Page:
So much of people's lives are spent measuring themselves against others. In Part I of "Winter Dreams," Dexter waits in the caddy-shack on the orders of Mr. McKenna who tells him to wait until the caddy master has returned. While he is waiting, a nurse and her ward, an eleven-year-old girl, the daughter of Mr. Mortimer Jones, have come so that the child can play golf. When Dexter refuses to caddy for them because he must attend the shop, and he informs them that there are no other caddies available, Miss Jones and the nurse go outside, where the girl slams her club on the ground with violence and an argument ensues between the child and her nurse.
As soon as the nurse sees the caddy-master she inquires if someone cannot now caddy for them.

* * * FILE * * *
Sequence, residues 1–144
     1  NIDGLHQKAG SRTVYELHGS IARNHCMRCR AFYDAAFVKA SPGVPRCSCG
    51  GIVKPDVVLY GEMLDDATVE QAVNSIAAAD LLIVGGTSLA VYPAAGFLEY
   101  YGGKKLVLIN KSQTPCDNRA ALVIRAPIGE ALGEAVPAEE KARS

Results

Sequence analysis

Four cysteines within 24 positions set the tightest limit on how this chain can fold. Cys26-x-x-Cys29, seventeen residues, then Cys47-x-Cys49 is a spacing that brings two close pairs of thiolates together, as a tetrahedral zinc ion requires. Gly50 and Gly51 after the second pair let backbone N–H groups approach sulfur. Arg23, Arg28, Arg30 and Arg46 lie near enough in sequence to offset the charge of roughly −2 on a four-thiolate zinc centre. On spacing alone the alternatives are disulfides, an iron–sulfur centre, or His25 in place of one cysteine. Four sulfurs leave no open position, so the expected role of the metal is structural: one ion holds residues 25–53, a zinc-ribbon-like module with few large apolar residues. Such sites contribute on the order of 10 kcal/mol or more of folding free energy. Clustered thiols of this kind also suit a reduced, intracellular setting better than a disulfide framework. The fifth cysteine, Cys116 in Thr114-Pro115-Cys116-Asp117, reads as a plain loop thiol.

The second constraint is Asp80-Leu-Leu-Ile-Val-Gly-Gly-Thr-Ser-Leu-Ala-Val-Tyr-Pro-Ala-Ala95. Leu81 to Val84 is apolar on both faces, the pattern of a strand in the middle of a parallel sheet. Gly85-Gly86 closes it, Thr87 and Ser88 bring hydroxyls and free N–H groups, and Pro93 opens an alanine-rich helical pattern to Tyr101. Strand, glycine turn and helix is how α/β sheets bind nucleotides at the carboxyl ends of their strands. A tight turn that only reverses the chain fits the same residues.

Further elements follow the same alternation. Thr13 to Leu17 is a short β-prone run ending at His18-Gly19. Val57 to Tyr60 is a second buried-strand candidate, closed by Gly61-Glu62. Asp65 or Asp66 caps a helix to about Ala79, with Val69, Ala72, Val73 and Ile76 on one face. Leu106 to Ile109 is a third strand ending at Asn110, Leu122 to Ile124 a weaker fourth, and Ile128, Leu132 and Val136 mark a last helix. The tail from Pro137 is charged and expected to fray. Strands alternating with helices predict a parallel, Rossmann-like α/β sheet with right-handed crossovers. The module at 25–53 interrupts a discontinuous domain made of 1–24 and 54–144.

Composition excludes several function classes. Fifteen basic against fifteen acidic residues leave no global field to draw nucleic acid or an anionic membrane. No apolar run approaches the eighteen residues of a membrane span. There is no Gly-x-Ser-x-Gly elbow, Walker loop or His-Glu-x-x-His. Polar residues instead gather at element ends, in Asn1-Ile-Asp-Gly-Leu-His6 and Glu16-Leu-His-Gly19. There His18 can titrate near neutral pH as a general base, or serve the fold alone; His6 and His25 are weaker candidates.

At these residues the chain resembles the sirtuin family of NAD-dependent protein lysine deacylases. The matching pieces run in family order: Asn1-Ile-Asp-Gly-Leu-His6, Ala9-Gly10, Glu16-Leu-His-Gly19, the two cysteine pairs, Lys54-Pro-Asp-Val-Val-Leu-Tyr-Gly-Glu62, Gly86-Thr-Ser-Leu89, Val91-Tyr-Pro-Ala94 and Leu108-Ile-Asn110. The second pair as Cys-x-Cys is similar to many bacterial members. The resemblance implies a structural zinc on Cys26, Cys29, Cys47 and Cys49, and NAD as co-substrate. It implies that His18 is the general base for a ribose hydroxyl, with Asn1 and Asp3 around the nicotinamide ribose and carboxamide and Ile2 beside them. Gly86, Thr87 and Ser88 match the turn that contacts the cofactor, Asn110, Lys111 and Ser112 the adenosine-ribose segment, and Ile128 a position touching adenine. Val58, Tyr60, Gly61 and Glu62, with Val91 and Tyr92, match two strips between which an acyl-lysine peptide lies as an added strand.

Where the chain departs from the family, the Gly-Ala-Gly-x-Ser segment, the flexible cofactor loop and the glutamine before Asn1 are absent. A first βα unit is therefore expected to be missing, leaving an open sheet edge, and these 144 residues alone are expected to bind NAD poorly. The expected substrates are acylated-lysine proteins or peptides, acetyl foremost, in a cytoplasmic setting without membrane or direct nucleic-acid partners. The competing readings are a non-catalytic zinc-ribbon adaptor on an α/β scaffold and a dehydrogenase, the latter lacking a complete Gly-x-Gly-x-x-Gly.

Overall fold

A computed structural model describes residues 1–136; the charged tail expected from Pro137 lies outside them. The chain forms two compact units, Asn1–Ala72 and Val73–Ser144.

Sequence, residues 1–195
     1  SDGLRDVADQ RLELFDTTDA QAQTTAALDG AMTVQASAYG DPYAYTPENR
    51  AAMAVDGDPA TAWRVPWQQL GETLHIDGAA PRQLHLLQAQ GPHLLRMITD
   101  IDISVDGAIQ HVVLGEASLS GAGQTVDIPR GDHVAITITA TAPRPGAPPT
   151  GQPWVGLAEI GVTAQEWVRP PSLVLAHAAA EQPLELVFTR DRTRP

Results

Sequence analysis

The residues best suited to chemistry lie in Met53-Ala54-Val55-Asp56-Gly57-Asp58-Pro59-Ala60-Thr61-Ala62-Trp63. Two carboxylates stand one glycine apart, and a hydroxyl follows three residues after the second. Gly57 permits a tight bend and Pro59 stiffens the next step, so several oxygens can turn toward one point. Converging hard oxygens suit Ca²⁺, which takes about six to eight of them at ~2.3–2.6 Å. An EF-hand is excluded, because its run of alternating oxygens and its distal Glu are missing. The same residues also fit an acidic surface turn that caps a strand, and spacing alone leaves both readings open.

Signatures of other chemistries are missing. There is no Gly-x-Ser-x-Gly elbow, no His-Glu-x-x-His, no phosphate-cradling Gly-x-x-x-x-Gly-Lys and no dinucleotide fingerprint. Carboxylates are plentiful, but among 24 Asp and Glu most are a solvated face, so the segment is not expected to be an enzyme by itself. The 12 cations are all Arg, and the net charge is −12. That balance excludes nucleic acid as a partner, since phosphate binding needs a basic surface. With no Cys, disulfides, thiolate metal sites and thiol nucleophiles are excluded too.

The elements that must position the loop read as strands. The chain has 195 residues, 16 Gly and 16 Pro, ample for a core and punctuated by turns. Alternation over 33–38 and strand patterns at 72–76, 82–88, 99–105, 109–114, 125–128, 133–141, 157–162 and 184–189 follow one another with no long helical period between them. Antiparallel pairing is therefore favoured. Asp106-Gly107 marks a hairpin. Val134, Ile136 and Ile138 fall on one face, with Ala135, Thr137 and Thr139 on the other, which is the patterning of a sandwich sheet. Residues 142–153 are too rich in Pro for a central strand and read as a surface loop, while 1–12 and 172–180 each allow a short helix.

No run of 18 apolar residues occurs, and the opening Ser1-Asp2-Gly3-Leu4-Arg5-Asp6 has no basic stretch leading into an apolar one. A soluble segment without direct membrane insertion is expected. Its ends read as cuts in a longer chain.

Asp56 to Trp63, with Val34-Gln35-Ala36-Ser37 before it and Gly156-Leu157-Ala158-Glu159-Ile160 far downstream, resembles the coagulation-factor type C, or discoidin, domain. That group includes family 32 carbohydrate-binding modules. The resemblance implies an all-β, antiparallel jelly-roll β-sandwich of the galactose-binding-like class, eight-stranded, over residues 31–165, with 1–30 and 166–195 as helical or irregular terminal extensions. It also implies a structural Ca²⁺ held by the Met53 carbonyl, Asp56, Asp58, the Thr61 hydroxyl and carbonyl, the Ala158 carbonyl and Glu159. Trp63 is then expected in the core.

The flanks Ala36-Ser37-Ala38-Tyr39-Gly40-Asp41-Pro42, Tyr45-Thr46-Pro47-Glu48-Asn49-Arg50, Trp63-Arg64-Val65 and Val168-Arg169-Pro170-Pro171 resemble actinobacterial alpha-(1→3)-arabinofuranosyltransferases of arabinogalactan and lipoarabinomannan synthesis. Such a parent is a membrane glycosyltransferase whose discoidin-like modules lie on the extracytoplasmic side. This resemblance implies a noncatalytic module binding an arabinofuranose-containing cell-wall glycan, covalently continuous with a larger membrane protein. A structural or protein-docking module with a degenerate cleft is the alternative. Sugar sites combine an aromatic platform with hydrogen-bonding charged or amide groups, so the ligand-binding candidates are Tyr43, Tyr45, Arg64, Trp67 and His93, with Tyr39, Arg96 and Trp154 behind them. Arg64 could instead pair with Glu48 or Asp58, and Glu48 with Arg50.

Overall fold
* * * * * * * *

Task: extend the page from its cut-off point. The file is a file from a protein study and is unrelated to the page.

"Well?" The caddy-master turned to Dexter. "....Go pick up the young lady's clubs."
"I don't think I'll go out to-day," said Dexter.
"I think I'll quit."
Although "the enormity of the decision frightened him as the thirty dollars a month he earned was not available anywhere else nearby, " Dexter is changed, and he feels he must react:
"...he had received a strong emotional shock, and his perturbation required a violent and immediate outlet."
This is the first of what Fitzgerald calls Dexter's "winter dreams," his dreams of being rich and having the privileges attached to this wealth. Little Judy Jones's actions have given Dexter a new direction in life in the illusions of his youth for which he will later suffer as he has become enamored of her and lets her represent all that he thinks he wants.